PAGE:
Some Quiet Days on the Grand Canyon North Rim
Grand Canyon National Park, Arizona
I was driving south across the Kaibab Plateau along Route 67 as I watched the rain slowly turn to sleet and the sleet quickly turn to snow. Visibility was minimal and even at 25 mph, the brakes on my jeep were nearly useless. I felt like an idiot getting out of the car at the country store in a t-shirt, board shorts, and flip flops – some redneck RVers staring me down as they’re in full-blow onesy snowsuits. But I’m not an idiot. It had been 75° in Zion only a few hours before and when I had checked the weather before heading south it was going to be “partly cloudy” with a “high of 68°.” Maybe not board shorts weather, but definitely not ski-gear weather either.
The North Rim forms the edge of the Kaibab Plateau, with elevation ranging from 8,000-8,800 feet above sea level. Although only 10 miles separate the north and south rims, it takes about five hours to drive the 213 miles of pavement, allowing for a much more remote atmosphere that only 10% of all Grand Canyon visitors experience. And due to typically heavy snows, the North Rim is only open from mid-May through mid-October.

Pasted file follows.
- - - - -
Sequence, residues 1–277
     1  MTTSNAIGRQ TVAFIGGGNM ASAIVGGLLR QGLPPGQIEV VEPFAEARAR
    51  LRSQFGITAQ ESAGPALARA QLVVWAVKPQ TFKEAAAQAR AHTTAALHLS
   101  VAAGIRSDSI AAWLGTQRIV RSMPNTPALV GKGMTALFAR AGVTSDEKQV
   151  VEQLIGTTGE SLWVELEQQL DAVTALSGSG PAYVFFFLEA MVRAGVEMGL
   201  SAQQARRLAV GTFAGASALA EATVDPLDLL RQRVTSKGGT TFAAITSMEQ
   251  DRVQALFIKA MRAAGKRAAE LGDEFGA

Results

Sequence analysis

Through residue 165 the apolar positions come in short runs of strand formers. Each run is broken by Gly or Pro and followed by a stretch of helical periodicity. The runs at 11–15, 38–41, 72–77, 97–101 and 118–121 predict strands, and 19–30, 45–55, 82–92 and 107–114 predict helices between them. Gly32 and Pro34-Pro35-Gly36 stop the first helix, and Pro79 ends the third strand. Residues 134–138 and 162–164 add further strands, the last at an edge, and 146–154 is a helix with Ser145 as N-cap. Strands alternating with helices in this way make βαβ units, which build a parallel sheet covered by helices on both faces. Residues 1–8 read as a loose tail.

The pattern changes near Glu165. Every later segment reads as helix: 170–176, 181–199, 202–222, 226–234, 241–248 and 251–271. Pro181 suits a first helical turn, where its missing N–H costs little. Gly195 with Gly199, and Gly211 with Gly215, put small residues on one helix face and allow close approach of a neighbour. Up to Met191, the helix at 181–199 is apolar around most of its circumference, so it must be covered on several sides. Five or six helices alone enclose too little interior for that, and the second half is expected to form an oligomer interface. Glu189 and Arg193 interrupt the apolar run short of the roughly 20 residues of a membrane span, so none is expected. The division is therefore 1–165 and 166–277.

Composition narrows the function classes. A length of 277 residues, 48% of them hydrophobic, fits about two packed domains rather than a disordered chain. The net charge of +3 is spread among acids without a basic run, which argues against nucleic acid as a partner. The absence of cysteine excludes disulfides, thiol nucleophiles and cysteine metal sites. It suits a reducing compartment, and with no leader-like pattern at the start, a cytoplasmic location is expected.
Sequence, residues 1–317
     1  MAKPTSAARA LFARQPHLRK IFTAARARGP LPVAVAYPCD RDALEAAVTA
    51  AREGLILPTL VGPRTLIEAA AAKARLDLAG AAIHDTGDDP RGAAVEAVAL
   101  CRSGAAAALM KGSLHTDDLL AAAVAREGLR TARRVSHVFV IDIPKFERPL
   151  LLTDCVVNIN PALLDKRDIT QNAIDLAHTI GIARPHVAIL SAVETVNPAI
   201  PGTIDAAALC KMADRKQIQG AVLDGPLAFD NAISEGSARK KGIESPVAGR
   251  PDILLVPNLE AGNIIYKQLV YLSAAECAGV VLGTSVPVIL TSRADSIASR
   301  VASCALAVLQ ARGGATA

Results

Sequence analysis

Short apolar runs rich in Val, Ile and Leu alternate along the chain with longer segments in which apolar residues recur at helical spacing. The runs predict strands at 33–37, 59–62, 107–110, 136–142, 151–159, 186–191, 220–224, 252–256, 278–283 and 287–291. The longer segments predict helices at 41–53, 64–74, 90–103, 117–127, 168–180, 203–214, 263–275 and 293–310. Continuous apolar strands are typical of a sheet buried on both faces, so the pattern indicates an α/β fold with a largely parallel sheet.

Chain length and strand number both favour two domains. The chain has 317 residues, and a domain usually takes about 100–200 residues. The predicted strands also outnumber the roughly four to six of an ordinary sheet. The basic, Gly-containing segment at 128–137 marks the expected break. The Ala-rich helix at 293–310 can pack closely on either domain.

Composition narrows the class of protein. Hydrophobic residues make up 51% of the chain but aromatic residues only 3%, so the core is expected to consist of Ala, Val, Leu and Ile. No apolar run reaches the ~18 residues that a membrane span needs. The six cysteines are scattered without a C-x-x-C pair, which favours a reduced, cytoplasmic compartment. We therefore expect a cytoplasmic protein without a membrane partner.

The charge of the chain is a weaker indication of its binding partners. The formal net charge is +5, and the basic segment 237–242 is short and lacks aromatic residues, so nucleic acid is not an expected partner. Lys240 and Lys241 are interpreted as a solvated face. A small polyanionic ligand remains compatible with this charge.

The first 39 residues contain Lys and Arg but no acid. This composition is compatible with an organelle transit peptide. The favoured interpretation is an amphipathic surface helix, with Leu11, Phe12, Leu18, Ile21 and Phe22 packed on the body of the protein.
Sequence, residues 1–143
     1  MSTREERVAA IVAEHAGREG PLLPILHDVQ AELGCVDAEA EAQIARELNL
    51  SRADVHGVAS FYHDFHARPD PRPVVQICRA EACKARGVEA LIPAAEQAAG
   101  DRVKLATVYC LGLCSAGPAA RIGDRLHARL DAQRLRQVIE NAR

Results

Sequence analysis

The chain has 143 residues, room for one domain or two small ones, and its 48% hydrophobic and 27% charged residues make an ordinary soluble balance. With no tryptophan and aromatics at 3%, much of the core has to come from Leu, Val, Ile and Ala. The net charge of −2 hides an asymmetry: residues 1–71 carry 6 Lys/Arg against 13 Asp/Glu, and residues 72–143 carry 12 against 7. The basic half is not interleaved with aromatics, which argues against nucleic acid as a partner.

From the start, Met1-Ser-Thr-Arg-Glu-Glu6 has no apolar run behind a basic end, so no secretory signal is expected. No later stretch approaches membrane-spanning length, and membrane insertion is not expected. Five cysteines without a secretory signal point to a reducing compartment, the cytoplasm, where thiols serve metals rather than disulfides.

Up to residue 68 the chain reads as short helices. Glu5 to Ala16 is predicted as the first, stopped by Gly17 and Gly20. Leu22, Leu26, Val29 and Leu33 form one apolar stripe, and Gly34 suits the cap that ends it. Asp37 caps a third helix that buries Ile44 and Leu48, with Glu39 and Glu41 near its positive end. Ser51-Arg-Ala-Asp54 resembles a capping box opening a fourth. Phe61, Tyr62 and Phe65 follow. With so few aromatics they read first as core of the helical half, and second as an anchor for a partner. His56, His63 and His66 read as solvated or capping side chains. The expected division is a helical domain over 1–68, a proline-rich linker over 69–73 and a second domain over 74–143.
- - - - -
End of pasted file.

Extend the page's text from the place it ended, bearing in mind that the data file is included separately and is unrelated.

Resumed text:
The Grand Canyon has been carved by the Colorado River over a period of six million years and is one of the finest examples of arid-land erosion in the world, averaging 4,000 feet deep for its entire 277 miles. It is also one of the most biologically diverse with several major ecosystems that range from coyote willows at the river’s edge to hanging gardens along the canyon walls to ponderosa pines along the canyon rims.
Even being my sixth time visiting, the Grand Canyon still blows my mind and to this day, hiking to the river and back in a day is still one of my favorite accomplishments. But because of the weather discrepancy between predictions and reality, this turned out to be a fairly lazy and quiet trip. I was severely unprepared with warm clothes only consisting of one pair of (thin) pants, a hoodie, and a puffy. With the 50° storms constantly rolling through, I simply didn’t want to risk getting what little clothing I had wet and then have to suffer through a 34° night. So, hiking really fell to the wayside and we mainly spent our time driving between viewpoints, dodging monsoonal thunder storms, and drinking some beers on Bright Angel Point.